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  1. #1
    Join Date
    Jul 2003
    Location
    Texas
    Posts
    292

    Absorption Chillers

    I had a question brought up to me. A customer forgot to close purge pump valves, vacuum drain line was open and connected to a 5 gallon bucket of old oil. all 5 gallons of oil were sucked into machine. Wondering if there is a way to remove oil from chiller , through filtering, skimming or removing charge and cleaning. Any thought would be appreciated.

  2. #2
    Join Date
    Dec 2003
    Location
    Princeton Texas
    Posts
    114
    Five gallons of old oil??? Well we have 4 Yazaki gas fired units, 1 V80 and 3 K100. My instructor always said that that was basicaly DEATH for the machine. If your talking about pulling a vacuum and you sucked in the vacuum pump oil, because the vacuum pump shut down or lost power. The oil that would be sucked into the machine basicaly just coated vergin steel and contaminated the entire chamber and will mix with the lithium bromine. Bad news if thats the case. Maybe york and others are differant, but for a Yazaki it = scrap.

    Redfive

  3. #3
    Join Date
    Jan 2011
    Location
    Southeast, Michigan
    Posts
    54
    My guess would be that you have to remove all the water and lithium-bromide, pressurize with nitrogen; then charge in water and degreaser, run your solution pumps so that it is sprayed over the bundles, remove and rinse. The water will have to be deionized at a minimum, distilled if possible. (We used to use steam condensate.) If you don't know the amount of charge you'll have to measure how much you take out, then calculate the amount of lithium.

    As for your the steel, the insides of absorbers are bare steel and contain a highly corrosive salt. The reason that they don't rust is the absence of oxygen, so as you make the repairs keeping oxygen out is the critical piece. We used to open our old carriers for cleaning every couple of years and just went through a lot of nitrogen to keep the barrel positively pressurized.

    I would consult the local authorized rep, as to their recommendation but I do believe repair is possible.

    Klaus
    Walbridge FM
    "My job is to give my team a chance to win." Nolan Ryan (born January 31st 1947)

  4. #4
    Join Date
    May 2006
    Location
    Kennett, Missouri
    Posts
    997
    I'm speechless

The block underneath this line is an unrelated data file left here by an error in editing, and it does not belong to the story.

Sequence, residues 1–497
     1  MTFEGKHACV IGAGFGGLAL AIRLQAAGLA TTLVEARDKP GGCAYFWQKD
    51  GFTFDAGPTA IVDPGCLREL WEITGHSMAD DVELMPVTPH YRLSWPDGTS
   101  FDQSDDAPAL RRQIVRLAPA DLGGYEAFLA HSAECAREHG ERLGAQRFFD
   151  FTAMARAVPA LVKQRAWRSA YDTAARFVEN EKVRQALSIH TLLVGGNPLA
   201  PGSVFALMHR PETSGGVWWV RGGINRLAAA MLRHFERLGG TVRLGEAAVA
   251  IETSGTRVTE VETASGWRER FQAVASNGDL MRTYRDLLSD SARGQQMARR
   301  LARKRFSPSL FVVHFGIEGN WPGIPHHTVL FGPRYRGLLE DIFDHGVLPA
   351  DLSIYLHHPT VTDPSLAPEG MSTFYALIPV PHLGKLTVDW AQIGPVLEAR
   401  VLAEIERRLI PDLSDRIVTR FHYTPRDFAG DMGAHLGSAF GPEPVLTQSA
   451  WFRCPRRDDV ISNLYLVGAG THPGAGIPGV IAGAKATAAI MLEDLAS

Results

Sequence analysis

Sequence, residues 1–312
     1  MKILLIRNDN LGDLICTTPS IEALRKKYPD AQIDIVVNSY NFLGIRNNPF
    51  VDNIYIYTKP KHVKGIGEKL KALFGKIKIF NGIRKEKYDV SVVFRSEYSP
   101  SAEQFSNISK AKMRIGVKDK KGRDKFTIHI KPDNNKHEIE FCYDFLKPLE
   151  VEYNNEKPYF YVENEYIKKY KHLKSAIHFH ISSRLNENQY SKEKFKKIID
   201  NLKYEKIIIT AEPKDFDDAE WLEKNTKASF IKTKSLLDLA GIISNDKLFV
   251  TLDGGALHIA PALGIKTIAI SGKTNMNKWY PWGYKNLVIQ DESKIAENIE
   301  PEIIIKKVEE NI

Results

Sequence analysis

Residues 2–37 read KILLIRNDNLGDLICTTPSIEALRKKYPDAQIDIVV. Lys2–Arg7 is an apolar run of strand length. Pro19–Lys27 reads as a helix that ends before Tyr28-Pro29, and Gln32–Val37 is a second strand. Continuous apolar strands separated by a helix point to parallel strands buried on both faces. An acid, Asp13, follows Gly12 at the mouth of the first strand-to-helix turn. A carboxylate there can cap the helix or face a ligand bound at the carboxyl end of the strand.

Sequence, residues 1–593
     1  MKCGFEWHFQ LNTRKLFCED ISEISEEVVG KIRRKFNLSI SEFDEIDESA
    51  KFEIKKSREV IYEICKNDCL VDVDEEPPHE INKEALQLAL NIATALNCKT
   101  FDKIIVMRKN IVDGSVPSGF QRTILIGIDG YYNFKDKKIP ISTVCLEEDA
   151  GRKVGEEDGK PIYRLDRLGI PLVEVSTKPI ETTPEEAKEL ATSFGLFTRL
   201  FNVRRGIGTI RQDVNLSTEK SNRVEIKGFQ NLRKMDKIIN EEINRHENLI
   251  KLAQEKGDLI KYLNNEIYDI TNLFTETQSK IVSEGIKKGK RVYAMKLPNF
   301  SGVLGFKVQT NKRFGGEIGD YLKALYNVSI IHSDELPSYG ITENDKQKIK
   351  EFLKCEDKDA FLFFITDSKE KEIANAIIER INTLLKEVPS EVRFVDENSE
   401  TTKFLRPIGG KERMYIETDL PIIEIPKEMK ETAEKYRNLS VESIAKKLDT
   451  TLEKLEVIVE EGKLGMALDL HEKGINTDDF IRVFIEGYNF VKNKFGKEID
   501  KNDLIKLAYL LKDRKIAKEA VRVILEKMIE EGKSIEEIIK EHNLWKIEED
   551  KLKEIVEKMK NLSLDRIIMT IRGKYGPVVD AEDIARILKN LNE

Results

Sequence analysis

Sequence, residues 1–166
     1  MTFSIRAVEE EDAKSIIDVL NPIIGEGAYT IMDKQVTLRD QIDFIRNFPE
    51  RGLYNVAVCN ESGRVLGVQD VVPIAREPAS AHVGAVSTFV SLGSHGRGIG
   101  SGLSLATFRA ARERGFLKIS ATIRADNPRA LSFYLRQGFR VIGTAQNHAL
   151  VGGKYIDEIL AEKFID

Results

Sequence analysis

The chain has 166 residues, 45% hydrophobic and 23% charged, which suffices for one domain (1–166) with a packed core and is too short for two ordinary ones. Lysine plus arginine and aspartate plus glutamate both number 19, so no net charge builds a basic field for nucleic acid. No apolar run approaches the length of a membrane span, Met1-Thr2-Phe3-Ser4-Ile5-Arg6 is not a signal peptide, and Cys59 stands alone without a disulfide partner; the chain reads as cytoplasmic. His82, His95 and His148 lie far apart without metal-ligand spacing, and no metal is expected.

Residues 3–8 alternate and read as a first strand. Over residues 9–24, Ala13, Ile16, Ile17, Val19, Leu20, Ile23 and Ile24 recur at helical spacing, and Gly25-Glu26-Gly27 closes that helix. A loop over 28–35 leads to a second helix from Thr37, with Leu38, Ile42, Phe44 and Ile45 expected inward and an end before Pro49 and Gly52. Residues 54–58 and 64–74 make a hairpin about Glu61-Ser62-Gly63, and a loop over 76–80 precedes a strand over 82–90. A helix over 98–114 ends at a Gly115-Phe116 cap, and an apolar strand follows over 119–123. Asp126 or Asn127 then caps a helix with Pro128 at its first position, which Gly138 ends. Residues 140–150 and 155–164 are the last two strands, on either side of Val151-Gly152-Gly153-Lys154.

5. #5
    Join Date
    Jul 2004
    Location
    NJ
    Posts
    106
    5 gallons of oil, holy sh't.

    NewportNic is right if you are lucky. Remove every last bit of lithium-bromide and water. Ask the factory for a 'recomended degreaser', nice clean rust free steam condensate is the way to go for water. Run the pumps, remove it all, do it again about 400 times or until you think all the traces of oil are gone (which they probably won't be). Recharge and pray to the Absorption gods 3 times and fire it off.

  6. #6
    Join Date
    Dec 2003
    Location
    Princeton Texas
    Posts
    114
    Boy O Boy, my job would be on the line. Dont know about other machines, but the Yazakis run around $20-30,000 for a new charge of Bromide. That was about 6 years ago too. Man that realy sucks.

    Redfive

  7. #7
    Join Date
    Aug 2010
    Location
    UK.
    Posts
    21
    I've had units pull in a pint or so when the purge valve was left open and a flush out of the chiller worked. 5 gallons though, Ouch. Assuming the pumps didn't run while the valve was open and the oil entering, then the oil might not have circulated around the chiller coating the tubes etc, in which case the clean up might not be that bad.
    But still...

  8. #8
    Join Date
    Sep 2004
    Location
    Kansas City, Kansas, United States
    Posts
    13,817
    this is a terrible story!!!!!!!!!!!!

    poor little chiller!!!!!!!!!!!!!!!!!!

    sad face!!!!!!!!!!!

  9. #9
    Join Date
    Jun 2010
    Location
    U.A. (upper Alabama)
    Posts
    788
    I would remove all of the bromide and refrigerant water, then do a lithium hydroxide wash. Refer to service manual or call the manufacturer on how to perform this. If you have enough open top barrels to put the bromide in, oil should go to the top pretty good since the bromide is a lot heavier. Then skim it off of the top. If water has no salt in it, send it down the drain and use deionized water to replace it. I think most absorber manufacturers use the hydroxide as an additive to correct the PH when sample is abnormal. I know Trane and York do. Then I would install an oil trap to keep this from happening again, OUCH! At worst do all of these and replace the bromide with new. Expensive, but not compared to a new machine.

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